Oct 1, 2014
Home| Tools| Events| Blogs| Discussions Sign UpLogin

Current Marketing Thoughts

RSS By: Kevin Van Trump, AgWeb.com

Kevin Van Trump has over 20 years of experience in the grain and livestock industry.

What Do Soybeans Look Like Headed into Monday's USDA Report?

Sep 08, 2011

As for soybeans, I believe it comes down to "harvested" acres, with Chinese "demand" also an import factor. I am hearing numbers all over the board as far as "yields" are concerned, but I have to believe we end up somewhere between 40.5 and 41.5 when all the cards are counted.

I am just not buying into those extremely low yield estimates that are floating around. I have actually talked to a few producers who tell me they believe they will see better yields this year as compared to last year. Primarily though, most producers still seem to be estimating slightly lower yield numbers. With the recent rains and cooler temps, I myself will continue to err on the side of caution, and believe that we will ultimately see a number at or just slightly lower than the USDA's current yield estimate.

The real question then becomes not so much about "yield," but rather how many acres we will get harvested. If we see a reduction in harvested acres of 200,000 or more, we will need to see some rationing in soybeans as well. A reduction of 100,000 acres, and prices are probably not too far from where they need to be. No reduction in acres, and we will be looking at a setback until more traction or outright soy "demand" from China is penciled in. Right now, that is simply not the case, as China, along with other Asian countries, continues to book South American soy for October and November delivery. As you know, this has traditionally been a time when they start booking U.S. soy for delivery.

I am also starting to worry more about U.S. soybean export demand, especially as I now hear that the Chinese crush margins are running at a negative 15 to 20 cents. If demand continues to falter, you could also see ending stocks numbers jump in a hurry. Regardless, I believe the downside in soy is still no more than $1.00 to $1.50 lower at this point, while your upside could be as much as $2.00 to $2.50, just depending on how aggressive the funds become if and when they really decide to jump on the bandwagon. This essentially gives you a range of $12.50 on the low end to around $15.50 on the high, with the potential for an extended "fund" induced rally to push us beyond the $16.00 level, especially if the "outside" markets can provide us with some sort of a tailwind. If you are looking for the market to "tip" its hand in one direction or the other, keep your eye out for any hints of harvested acres during the coming weeks, or additional setbacks in demand from leading importers/end users.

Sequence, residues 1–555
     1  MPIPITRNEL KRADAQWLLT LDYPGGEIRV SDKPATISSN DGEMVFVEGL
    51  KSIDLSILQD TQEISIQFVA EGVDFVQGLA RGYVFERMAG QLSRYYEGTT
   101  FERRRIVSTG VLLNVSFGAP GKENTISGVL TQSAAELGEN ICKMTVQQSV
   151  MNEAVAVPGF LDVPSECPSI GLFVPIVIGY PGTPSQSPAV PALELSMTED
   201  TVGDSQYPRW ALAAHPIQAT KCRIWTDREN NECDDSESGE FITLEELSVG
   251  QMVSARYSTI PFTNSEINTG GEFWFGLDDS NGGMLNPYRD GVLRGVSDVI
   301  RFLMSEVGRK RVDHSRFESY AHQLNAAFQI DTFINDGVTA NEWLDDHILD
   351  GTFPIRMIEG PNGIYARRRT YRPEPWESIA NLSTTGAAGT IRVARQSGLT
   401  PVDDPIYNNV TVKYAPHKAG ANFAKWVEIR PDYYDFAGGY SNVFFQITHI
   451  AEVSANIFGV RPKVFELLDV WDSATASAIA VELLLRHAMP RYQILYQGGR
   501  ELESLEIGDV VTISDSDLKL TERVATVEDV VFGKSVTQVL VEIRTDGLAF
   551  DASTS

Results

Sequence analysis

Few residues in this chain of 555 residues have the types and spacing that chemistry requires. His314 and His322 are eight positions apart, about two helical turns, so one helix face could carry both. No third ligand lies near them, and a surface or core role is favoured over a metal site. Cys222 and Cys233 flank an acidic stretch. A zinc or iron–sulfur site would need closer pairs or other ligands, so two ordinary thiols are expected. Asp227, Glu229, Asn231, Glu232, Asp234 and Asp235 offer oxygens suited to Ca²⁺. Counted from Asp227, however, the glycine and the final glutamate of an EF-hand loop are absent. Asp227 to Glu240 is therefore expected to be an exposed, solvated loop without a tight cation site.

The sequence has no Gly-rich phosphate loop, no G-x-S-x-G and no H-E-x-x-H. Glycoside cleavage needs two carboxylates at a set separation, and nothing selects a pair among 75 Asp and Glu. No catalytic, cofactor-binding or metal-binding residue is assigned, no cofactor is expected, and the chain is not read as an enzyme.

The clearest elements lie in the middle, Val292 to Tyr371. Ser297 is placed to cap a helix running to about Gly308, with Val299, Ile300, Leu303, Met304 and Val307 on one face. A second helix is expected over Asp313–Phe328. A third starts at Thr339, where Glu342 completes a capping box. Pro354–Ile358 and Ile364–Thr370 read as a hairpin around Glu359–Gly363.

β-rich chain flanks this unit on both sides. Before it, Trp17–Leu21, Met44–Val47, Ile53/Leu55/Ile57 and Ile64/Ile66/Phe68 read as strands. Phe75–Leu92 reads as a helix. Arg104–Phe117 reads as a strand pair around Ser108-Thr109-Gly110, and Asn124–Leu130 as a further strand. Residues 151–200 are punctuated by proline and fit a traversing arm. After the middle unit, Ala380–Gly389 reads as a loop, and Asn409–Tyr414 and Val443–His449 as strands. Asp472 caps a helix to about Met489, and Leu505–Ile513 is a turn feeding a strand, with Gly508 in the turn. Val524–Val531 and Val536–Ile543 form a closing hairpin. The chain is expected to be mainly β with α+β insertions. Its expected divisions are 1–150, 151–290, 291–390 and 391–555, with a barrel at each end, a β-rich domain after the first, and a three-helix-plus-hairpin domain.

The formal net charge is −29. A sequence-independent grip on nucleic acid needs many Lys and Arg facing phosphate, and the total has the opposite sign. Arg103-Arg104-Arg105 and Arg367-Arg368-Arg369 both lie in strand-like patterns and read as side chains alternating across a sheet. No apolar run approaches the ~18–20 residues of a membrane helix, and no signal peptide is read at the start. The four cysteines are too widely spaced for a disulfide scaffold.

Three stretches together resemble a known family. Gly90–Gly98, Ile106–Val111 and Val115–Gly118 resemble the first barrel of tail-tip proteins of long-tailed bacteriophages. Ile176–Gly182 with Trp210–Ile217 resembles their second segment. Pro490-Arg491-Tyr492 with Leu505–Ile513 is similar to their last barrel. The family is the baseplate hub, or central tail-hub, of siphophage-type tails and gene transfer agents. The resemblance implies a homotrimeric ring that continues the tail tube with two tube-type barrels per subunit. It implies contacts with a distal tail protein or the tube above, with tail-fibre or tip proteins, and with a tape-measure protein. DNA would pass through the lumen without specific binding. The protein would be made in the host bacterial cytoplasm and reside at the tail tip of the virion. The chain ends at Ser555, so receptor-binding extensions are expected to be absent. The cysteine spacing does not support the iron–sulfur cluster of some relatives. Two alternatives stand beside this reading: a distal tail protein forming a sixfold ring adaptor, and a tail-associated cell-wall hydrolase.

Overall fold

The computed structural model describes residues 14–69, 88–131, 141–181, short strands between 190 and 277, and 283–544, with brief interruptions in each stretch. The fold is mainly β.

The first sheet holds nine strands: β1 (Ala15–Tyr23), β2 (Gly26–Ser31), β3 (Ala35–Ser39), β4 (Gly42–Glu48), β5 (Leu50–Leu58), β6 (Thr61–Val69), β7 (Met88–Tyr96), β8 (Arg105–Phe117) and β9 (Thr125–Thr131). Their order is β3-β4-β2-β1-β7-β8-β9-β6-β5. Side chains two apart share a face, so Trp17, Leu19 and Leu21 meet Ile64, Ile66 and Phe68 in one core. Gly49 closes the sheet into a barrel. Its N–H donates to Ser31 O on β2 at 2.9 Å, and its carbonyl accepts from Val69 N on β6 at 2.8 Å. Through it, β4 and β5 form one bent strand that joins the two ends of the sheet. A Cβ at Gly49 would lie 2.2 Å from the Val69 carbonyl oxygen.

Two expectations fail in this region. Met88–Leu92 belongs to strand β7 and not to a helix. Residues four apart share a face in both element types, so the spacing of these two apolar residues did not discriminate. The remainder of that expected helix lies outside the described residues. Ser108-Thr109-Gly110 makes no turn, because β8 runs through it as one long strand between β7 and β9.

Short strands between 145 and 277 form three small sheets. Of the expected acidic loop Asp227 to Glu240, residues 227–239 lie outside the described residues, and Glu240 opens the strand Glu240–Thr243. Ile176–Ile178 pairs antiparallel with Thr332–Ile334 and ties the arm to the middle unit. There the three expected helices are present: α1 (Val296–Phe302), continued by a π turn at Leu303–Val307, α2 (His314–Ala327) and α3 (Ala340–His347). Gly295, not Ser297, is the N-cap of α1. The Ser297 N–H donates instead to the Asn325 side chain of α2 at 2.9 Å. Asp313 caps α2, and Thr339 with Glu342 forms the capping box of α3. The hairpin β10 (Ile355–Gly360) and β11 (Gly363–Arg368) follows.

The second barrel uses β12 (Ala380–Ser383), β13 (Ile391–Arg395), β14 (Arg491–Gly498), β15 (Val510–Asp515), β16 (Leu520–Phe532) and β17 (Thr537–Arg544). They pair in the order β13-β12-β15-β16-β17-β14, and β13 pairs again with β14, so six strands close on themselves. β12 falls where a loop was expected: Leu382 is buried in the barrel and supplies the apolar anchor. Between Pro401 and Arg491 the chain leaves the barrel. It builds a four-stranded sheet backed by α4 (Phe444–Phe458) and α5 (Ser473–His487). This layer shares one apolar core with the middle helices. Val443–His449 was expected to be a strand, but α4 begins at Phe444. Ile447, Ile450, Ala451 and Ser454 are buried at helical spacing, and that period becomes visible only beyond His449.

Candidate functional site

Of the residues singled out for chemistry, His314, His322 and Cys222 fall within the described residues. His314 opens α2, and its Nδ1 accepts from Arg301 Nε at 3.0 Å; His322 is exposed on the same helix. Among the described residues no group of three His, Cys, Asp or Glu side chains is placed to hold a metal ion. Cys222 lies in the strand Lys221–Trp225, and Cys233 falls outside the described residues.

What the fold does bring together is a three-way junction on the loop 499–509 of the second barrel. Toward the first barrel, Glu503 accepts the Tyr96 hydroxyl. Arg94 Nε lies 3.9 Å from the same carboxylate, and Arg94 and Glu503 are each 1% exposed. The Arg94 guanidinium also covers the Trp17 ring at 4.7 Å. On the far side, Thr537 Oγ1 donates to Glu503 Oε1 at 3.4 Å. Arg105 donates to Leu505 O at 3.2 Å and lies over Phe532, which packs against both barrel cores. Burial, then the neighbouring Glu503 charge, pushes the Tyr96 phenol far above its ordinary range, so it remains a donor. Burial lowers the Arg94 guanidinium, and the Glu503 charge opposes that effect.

After talking with a few insiders close to the Brazilian market, I am starting to wonder if the recent stories and press regarding more acres being switched from soy to corn is simply more "hype" than it is "reality." I am not saying that more corn acres won't ultimately be planted in Brazil. I am just letting you know that for most of their producers, soybeans still pencil better, primarily due to the high costs associated with "ammonium nitrate" and their ability to get their hands on large quantities. We just need to be careful buying into the fact that producers in Brazil are going to plant more "full-season" corn at the expense of soybean acres. I am just not seeing or hearing the same thing from producers on the ground.
I certainly believe we will continue to see more "second crop" corn being planted by Brazilian producers. I am just not sure the "full-season" varieties will make as big of a splash as some are anticipating. The southern areas may be more friendly to the concept than other parts of Brazil, but I am still not completely sold on the fact that more "full-season" corn will be planted in lieu of current "full-season" soy. I included a few more details in the story section of the full report. If you aren't signed up, go ahead and click the link below, it only takes a minute.  
As for grain and soy markets today, I continue to believe the mood of the market has switched to selling the rallies ahead of the USDA report. You have to believe that if "longs" are looking to square up positions ahead of Monday's report, they will continue using the rallies to unload contracts. With this in mind, I doubt we see any real sustained strength between now and the report.


Make sure you are signed up so you can get today and tomorrow's report before the USDA releases its supply and demand numbers for September--could make for a big move in the markets! Sign up today and you will also receive my personal cash sale recommendations as well as access to my full marketing strategy. Remember, YOUR livelihood is traded on a global market. Prices don't react to fundamental news like they used to. In the FULL report, I bring you the inside scoop on what the big money players (hedge funds/managed money) are watching and how to take advantage of it! Simply follow the link below. You can also click the button below to follow my team and I on Twitter and get daily updates on what is happening in the grain and livestock markets. 


 Send My Free Report



Follow FarmDirection on Twitter




Log In or Sign Up to comment


No comments have been posted, be the first one to comment.
The Home Page of Agriculture
© 2014 Farm Journal, Inc. All Rights Reserved|Web site design and development by AmericanEagle.com|Site Map|Privacy Policy|Terms & Conditions